15. Tulse
    Posted December 26, 2010 at 10:08 am | Permalink

    Let me get this straight: We need extensive hard evidence to show that Gnu Atheism will shift public opinion in the long run, but the accommodationists don’t need squat to continually clutch their pearls over how terrible Gnu Atheism is for the cause of science.

    What wankers.

    • Andy Dufresne
      Posted December 26, 2010 at 3:29 pm | Permalink

      Yes, the hypocrisy is draw-dropping.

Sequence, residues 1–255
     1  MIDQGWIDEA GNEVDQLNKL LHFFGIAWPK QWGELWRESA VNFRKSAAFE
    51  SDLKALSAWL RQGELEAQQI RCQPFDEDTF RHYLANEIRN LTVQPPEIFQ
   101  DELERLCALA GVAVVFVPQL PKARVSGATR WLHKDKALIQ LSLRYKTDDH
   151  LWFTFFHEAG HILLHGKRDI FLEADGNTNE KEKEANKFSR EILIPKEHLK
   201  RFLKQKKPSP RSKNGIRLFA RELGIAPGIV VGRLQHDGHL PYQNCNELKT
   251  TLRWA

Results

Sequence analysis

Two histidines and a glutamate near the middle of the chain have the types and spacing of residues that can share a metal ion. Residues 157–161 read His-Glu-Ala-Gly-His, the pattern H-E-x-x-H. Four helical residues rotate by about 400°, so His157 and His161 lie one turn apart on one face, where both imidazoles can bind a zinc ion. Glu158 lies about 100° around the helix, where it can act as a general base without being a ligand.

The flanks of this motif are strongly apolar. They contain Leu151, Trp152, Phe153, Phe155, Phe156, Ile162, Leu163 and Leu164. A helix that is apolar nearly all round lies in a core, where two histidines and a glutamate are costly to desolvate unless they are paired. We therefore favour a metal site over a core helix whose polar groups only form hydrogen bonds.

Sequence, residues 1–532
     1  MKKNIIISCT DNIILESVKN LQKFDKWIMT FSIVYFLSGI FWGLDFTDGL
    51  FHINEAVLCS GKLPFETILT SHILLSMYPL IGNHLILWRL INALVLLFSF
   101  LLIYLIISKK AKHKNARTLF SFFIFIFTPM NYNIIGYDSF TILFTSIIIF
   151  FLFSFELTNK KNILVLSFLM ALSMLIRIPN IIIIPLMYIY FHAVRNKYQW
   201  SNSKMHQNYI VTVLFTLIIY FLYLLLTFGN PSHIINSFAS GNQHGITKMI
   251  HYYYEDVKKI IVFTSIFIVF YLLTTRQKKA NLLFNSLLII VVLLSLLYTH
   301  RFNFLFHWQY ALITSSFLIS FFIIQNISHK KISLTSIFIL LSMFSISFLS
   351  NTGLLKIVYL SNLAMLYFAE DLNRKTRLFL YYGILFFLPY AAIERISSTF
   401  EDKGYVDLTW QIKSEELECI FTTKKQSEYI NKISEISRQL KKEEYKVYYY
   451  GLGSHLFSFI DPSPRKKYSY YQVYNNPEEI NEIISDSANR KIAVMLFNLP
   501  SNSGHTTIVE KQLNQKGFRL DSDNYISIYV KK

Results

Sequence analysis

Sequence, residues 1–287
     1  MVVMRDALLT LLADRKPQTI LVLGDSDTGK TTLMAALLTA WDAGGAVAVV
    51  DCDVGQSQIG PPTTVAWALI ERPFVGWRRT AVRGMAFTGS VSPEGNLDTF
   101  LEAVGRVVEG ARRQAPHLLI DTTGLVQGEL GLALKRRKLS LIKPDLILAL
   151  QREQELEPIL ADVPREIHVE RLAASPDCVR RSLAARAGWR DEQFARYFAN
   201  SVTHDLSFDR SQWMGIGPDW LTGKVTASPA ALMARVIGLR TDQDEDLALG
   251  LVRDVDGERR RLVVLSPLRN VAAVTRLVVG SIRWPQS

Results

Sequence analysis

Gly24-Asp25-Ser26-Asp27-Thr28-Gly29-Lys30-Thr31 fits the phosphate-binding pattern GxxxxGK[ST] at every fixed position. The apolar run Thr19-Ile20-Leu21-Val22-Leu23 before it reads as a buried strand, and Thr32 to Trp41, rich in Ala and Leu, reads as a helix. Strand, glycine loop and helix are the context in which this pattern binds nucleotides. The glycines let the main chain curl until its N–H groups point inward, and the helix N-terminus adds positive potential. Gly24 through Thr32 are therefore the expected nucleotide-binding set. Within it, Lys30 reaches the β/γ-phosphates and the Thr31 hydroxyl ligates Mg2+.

The accommodationists see their argument as self-evident, a matter of common sense that requires little-if-any empirical justification. They scoff when asked for empirical justification because to them it’s like saying “Is it healthier to eat Twinkies all day, every day, or should one have a balanced and nutritious diet?” We don’t need to commission a multi-million dollar study for that one, they’d argue. Sure, Mooney will point to a study in which people were reluctant to change their minds when confronted with the truth—but at the end of the day, if you listen closely to what he says, such evidence is neither here nor there because, he feels, we all instinctively recognize that “Nobody has their mind changed by being ridiculed.” Phil Plait will ask his audience to raise their hands if they’ve ever been convinced they were wrong by someone calling them an idiot—he gets no hands raised, and to him, that settles it: Being nice and accommodating is more effective than being honest and possibly confrontational. Duh (he might declare).